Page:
What type of tremor did the medieval ‘Tremulous Hand of Worcester’ have?
By Deborah E. Thorpe and Jane E. Alty
Brain, Vol.138 (2015)
Introduction: Scholars have recognized for some time that a prolific 13th century scribe had a tremor. He has become known as ‘the Tremulous Hand of Worcester’, or simply ‘the Tremulous Hand’, ‘hand’ being a metonym for ‘scribe’. He is important as the only widely-known medieval writer with a tremor, and for his unusual interest in translating documents written centuries earlier. This is the first time his writing has been investigated from a joint neurological and historical perspective.
Certain or possible evidence of the writing of this man—likely a monk at Worcester Cathedral Priory—appears in at least 20 books. As he never wrote about his tremor, or dated his work, the only sources of information for this study are the handwriting itself and limited clues in its subject matter.
The central question is: ‘what type of tremor did he have?’. We discuss evidence for essential tremor as the diagnosis by tracing the tremor through a series of handwriting samples, charting progression in tremor severity from ‘fine’ to ‘fine–moderate’ and as a correlate, present handwriting from a modern-day individual with essential tremor using a calligraphy pen. We scrutinize literary scholar Christine Franzen’s seminal monograph, reveal new information she has shared with us in personal correspondence, and offer the first analysis of essential tremor in a medieval context. To our knowledge, this is the first time medieval handwriting has been analysed by a neurologist with a specialist interest in movement disorders. Finally, we examine the lifestyle of a scribe in relation to the symptoms of essential tremor, making special consideration of alcohol consumption.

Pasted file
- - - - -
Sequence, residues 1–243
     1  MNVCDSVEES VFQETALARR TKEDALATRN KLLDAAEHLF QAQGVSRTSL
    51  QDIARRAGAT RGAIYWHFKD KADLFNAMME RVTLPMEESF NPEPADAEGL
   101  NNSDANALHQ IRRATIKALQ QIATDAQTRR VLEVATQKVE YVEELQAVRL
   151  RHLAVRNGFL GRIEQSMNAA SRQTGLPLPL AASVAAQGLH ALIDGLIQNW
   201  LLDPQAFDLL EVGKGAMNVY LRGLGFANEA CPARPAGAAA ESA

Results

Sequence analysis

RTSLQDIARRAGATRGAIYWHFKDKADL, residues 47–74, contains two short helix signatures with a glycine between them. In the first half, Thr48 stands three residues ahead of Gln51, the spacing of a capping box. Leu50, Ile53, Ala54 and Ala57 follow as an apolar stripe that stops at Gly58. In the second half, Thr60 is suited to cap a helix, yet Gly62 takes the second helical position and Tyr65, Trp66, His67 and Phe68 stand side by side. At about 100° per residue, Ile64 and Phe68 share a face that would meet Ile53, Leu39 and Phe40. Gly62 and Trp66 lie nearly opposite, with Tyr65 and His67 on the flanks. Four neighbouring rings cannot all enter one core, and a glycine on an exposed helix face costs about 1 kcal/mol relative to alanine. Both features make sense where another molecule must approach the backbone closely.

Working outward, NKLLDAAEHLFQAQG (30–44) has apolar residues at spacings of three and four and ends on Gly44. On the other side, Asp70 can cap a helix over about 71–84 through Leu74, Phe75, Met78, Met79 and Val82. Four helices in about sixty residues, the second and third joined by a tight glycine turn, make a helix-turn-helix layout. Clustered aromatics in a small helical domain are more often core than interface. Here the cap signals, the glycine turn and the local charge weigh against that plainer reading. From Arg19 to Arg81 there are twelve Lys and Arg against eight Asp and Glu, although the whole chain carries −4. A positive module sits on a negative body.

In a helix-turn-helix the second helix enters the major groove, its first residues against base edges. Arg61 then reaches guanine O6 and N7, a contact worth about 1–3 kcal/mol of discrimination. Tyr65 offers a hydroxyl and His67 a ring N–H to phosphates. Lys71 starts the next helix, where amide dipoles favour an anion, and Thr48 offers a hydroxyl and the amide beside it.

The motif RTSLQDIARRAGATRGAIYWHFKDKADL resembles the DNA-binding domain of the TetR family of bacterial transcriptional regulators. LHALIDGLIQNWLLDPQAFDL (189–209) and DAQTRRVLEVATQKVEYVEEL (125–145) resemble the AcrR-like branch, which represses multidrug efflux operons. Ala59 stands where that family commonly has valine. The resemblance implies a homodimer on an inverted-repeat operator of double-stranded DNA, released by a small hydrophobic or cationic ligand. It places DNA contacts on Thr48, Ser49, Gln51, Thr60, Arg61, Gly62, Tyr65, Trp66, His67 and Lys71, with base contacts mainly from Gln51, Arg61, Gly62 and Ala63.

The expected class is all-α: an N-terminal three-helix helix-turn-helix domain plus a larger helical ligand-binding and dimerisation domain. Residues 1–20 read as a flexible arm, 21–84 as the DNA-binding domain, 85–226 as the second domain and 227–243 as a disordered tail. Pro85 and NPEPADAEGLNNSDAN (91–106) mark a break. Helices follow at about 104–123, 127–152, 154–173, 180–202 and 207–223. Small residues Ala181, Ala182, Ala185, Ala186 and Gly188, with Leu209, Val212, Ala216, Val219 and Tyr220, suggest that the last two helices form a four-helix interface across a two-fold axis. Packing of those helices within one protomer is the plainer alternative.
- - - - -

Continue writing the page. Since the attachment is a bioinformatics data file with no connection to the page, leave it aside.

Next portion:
Top Image: Page from The old Englisch Homely on the life of St. Chad, written by ‘the ‘Tremulous Hand of Worcester’